Getting Started with Offline C++ on the BBC Micro:Bit
May 21, 2016
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Create a basic BBC Micro:Bit Air Mouse


We’ve been testing out the BBC Micro:Bit and C++ for a few days now trying out different APIs and recently playing around with the Micro:Bit’s accelerometer. Check out the project below where we develop a basic air mouse to control a PC.

First off, we are building this offline in the Yotta C++ environment, there is no reason why this wouldn’t work in an online editor. We’ll be using Microsoft Visual Basic .NET for a simple Serial reader to get the values of the Micro:Bit accelerometer and set the mouse to the X and Y coordinates.

The BBC Micro:Bit Code

#include "MicroBit.h"
#define PROGRAM_TICK 100
MicroBit uBit;

void setup() {

void loop() {
   int dx = uBit.accelerometer.getX();
   int dy = uBit.accelerometer.getY();
   uBit.serial.printf("%i|%i\r\n", dx, dy);

int main() {
 while(1) {

As you can see above, we create a basic loop with a delay of 100ms, every 100ms the program runs the loop() function and gets the values of the accelerometer. We then output this to the USB serial port with a delimiter being the vertical line.

That’s it for the BBC Micro:Bit code, we’re just sending the X and Y coordinates over the COM port and reading them in our VB.NET application.

The Visual Basic .NET Application

Imports System.Windows.Forms
Public Class Form1
    Dim com As IO.Ports.SerialPort = My.Computer.Ports.OpenSerialPort("COM4")
    Dim screenWidth As Integer = Screen.PrimaryScreen.Bounds.Width
    Dim screenHeight As Integer = Screen.PrimaryScreen.Bounds.Height
    Private Sub Form1_Load(sender As Object, e As EventArgs) Handles MyBase.Load
        com.ReadTimeout = 100
    End Sub

    Private Sub Form1_FormClosing(sender As Object, e As FormClosingEventArgs) Handles Me.FormClosing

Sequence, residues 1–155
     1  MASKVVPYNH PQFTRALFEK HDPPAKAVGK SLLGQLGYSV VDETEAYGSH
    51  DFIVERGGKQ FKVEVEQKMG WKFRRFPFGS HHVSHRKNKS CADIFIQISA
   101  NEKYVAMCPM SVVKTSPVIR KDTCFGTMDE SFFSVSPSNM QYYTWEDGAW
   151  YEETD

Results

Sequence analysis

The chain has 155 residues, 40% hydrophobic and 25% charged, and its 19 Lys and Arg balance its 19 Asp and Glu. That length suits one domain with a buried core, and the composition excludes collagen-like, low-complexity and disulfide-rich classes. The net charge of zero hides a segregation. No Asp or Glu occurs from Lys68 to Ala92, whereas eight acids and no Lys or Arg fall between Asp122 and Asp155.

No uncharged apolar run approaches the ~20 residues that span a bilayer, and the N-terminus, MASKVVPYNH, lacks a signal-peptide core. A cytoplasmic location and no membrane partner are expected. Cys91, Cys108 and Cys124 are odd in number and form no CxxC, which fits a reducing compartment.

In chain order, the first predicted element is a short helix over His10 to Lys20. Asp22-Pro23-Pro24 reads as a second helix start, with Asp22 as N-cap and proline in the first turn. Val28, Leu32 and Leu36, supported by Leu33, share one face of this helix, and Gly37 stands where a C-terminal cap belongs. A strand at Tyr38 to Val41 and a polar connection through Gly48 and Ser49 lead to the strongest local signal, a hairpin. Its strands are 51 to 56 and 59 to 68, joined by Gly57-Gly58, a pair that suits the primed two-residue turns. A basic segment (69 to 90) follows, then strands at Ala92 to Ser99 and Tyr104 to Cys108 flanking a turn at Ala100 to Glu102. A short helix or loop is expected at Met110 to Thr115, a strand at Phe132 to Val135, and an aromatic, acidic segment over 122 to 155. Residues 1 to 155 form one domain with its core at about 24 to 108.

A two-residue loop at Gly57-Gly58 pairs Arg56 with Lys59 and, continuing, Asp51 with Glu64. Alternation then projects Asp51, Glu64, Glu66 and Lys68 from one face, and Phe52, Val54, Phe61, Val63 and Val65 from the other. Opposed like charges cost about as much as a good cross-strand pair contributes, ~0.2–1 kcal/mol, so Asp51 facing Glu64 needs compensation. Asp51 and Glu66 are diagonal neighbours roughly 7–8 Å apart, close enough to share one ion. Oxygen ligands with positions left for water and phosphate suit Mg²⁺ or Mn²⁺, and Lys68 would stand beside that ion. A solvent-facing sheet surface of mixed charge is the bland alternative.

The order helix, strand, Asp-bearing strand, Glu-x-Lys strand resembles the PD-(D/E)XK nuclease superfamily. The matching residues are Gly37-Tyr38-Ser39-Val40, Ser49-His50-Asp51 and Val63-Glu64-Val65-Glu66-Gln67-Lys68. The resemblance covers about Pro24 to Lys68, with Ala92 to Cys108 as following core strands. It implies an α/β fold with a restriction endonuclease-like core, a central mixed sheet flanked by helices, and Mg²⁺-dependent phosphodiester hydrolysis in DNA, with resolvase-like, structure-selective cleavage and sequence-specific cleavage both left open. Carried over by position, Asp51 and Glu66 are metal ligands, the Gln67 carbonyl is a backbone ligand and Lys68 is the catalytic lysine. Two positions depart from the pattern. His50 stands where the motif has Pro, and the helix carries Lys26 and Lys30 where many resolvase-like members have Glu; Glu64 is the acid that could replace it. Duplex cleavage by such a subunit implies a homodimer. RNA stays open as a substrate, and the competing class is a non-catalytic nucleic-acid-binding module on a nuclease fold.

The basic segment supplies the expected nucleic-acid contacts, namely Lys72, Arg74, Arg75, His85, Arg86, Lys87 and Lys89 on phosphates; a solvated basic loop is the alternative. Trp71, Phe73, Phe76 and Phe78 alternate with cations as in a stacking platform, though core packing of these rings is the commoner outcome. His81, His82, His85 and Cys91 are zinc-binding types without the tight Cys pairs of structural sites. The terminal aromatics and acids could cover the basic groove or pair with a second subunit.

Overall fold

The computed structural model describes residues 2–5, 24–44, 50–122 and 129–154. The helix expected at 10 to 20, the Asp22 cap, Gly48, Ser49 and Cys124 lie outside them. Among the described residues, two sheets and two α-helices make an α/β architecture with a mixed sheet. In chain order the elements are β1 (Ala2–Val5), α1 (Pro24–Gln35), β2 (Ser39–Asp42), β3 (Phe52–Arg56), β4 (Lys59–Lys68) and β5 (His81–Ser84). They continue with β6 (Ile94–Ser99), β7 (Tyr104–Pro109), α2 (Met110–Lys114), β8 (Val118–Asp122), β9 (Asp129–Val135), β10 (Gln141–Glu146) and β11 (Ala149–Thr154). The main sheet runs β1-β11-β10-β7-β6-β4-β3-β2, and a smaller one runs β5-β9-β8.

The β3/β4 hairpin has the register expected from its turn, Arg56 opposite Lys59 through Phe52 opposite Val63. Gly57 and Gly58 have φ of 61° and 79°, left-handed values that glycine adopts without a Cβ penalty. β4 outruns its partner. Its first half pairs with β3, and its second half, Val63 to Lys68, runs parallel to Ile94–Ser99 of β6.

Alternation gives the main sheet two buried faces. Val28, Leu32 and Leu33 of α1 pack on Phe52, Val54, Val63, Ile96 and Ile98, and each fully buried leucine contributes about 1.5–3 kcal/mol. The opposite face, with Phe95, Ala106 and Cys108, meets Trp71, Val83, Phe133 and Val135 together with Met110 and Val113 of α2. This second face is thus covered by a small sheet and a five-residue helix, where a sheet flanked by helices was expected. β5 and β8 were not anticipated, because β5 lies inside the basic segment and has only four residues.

End Sub

    Private Sub Timer1_Tick(sender As Object, e As EventArgs) Handles Timer1.Tick
            Dim strArr
            Dim data As String = com.ReadLine()
            strArr = data.Split("|")
            Dim newX = Math.Round((strArr(0) - -1024) / (1000 - -1000) * (screenWidth - 0) + 0)
            Dim newY = Math.Round((strArr(1) - -1024) / (1000 - -1000) * (screenHeight - 0) + 0)
            System.Windows.Forms.Cursor.Position = New Point(newX, newY)
        Catch ex As Exception

        End Try

    End Sub
End Class

The Timer1 interval is set to 100ms.

That’s the whole VB.NET application right there. We select a COM port to listen on (COM4) and we open a connection to it as soon as the program has launched. We split the received data into an array, we then perform some basic scaling of the values relative to the resolution of the screen. We then set the position of the mouse X and Y coordinate with the new scaled value.

There you have it! – Move the Micro:Bit around in your hand to the left or right and the cursor should follow suit, move the Micro:Bit up or down and the cursor will move up and down.

This is a very basic Air Mouse! You can adjust the scaling calculations to suit, or increase the Micro:Bit 100ms delay and the VB.net timer interval to get a better resolution when moving the cursor.

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